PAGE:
Presentation on theme: "Statement of Commercial Interest: RDJ: None DRH: honoraria from Reichert for educational lectures on corneal biomechanics Multiple studies have shown ex."— Presentation transcript:
Statement of Commercial Interest: RDJ: None DRH: honoraria from Reichert for educational lectures on corneal biomechanics Multiple studies have shown ex vivo that keratoconic (KCN) corneas are more elastic and less rigid than normal eyes. Recently, by use of the Ocular Response Analyzer, these properties are able to be measured in vivo. Keratoconus, however, is a disease that often can be easily It is our hypothesis that there is a continuum of impaired biomechanics that is significantly different from normal corneas. It is our hope that through evaluating, understanding, and exploiting these differences, we can more easily diagnose even the earliest forms of forme-fruste keratoconus. By so doing, we hopefully can augment our refractive screening techniques and avoid the disasterous consequences of operating on such a cornea. diagnosed clinically at the slit lamp. It is the more subtle cases of forme-fruste keratoconus that at times can be more difficult to accurately diagnose, which, in a laser refractive center, can have devastating consequences (see picture). It was the goal of this study to evaluate the biomechanical differences between normal and keratoconic corneas through the entire range of disease states: from the earliest stage (‘pre’ forme-fruste keratoconus) all the way through fulminant clinical disease.
Retrospective case-review study. 230 eyes of 201 patients were divided into groups according to their keratoconic severity score (KSS) as defined by the Collaborative Longitudinal Evaluation of Keratoconus (CLEK) study group 1 KCN group (KSS=3): 73 eyes of 54 patients (see example figure below). FFKCN group (KSS=1 to 2, or 0 if it is the fellow eye of a KCN): 42 eyes of 32 patients. Controls (KSS=0): 115 healthy eyes of 115 age/sex matched patients Due to its viscoelastic properties, the cornea resists the dynamic air puff differentially on the inward and outward applanation events, resulting in the inward and outward flat phase of the cornea occurring at two different pressure values. Corneal hysteresis (CH) is defined as the difference between these two pressure values. CH is thought to correlate with the amount of viscous dampening inherent to the cornea. The CH measurement also provides the basis for an additional parameter, the corneal resistance factor (CRF). This measure appears to be an indicator of the overall mechanical resistance of the corneal tissue, including both viscous and elastic components, and is derived from specific combinations of the inward and outward applanation values using proprietary algorithms 2. 1.McMahon TT, Szczotka-Flynn L, Barr JT, et al. A new method for grading the severity of keratoconus: the Keratoconus Severity Score (KSS). Cornea 2006;25:794-800 2.Luce DA. Determining in vivo biomechanical properties of the cornea with an ocular response analyzer. J Cataract Refract Surg 2005;31(1):156-62 For each eye Orbscan was used for topographical and pachymetry measurements. The ocular response analyzer (OR) was used to obtain a biomechanical waveform from which the corneal hysteresis (CH) and corneal resistance factor (CRF) are obtained. During the measurement procedure, a rapid air impulse is used to applanate the cornea. Utilizing an electro-optical system, two applanation pressures are recorded (see figure above). The first pressure occurs when the cornea is flattened and moving inward towards concavity and the other as the cornea flattens and is moving outward back to the normal convex shape. This applanation process takes about 20 milliseconds.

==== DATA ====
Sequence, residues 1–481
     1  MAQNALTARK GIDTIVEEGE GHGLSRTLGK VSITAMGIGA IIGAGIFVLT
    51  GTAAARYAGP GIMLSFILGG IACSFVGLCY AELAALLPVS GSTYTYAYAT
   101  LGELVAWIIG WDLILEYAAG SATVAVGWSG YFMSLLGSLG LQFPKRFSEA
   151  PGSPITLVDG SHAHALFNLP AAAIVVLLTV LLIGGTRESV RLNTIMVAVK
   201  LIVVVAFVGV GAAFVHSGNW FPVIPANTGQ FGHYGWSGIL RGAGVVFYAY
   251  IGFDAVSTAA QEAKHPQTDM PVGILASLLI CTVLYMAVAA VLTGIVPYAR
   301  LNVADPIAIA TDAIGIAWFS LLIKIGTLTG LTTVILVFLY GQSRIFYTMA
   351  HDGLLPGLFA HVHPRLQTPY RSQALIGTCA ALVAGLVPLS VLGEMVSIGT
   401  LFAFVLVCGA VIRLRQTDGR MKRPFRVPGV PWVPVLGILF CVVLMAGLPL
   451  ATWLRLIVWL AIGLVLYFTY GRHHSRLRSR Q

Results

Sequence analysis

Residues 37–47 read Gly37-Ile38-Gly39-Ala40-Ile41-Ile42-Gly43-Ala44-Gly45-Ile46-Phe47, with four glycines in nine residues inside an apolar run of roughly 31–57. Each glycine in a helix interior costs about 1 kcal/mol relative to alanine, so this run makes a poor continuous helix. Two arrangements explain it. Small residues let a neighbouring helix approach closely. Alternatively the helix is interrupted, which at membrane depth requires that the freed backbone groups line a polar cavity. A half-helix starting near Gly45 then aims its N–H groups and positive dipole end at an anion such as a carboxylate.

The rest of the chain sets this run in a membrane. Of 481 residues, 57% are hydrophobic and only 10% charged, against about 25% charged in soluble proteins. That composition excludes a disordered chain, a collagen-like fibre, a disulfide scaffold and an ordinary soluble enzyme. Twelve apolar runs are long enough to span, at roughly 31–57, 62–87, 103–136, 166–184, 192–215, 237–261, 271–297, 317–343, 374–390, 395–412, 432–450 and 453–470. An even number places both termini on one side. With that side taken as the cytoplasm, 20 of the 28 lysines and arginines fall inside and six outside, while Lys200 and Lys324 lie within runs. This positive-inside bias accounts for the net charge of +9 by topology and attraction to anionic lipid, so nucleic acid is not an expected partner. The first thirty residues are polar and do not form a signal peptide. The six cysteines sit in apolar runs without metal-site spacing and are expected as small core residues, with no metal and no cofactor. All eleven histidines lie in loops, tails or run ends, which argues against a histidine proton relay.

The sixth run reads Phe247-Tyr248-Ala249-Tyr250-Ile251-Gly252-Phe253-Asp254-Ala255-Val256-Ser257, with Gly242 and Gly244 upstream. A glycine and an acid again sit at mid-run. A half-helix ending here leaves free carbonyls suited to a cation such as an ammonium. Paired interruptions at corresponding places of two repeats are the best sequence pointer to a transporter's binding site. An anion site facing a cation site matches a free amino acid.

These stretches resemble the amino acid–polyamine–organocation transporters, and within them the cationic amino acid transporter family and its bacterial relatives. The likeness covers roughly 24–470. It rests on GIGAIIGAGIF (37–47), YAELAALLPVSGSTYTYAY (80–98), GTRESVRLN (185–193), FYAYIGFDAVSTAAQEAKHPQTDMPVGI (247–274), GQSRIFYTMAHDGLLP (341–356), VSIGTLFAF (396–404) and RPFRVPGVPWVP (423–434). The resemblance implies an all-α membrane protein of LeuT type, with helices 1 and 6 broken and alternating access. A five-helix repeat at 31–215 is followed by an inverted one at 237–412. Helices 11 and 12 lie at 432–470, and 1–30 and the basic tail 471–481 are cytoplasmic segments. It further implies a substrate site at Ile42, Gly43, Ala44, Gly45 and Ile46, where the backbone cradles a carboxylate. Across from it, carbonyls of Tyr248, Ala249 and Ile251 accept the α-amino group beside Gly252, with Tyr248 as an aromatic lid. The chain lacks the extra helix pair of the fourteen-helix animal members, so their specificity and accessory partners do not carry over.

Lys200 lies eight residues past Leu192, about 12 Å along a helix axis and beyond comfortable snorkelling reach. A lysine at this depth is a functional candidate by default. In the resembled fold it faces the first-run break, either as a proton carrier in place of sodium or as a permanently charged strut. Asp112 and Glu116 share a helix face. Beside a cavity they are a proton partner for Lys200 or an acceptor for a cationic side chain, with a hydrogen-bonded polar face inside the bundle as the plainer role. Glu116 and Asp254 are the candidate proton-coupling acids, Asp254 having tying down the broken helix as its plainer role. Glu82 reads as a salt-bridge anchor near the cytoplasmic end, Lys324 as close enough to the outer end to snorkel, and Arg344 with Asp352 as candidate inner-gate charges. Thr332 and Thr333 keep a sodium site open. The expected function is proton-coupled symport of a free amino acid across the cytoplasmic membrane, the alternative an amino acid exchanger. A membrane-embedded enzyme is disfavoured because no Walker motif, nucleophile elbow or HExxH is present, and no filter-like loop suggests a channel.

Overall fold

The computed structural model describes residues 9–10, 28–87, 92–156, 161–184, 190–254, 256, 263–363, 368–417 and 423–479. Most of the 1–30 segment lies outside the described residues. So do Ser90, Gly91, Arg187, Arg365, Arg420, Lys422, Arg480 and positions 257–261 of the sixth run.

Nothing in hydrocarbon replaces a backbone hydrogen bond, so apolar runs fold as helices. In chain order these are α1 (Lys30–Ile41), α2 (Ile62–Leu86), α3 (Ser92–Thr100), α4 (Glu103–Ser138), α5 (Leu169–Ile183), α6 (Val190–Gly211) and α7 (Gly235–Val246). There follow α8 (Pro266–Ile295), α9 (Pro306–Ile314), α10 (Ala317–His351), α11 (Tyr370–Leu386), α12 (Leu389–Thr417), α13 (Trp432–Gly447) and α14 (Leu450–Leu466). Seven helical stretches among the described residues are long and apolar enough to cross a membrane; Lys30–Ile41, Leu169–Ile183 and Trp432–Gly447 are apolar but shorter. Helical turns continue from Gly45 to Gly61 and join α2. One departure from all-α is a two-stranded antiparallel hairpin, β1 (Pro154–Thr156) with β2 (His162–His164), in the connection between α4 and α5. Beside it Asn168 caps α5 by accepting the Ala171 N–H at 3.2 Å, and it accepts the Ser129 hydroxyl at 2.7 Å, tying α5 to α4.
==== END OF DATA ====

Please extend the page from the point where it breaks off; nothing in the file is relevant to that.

The table to the right summarizes comparisons between groups. On intergroup analysis, there was a statistically significant difference in mean CH and CRF in the normal group compared to all other groups, including both FFKCN sub-groups (p<0.0001). There was also a statistically significant difference in the mean CH and CRF between the FFKCN and KCN groups (p=0.012 and p=0.001, respectively). However, there was a significant difference in mean CCT between the 3 groups as well (ANOVA p<0.0001).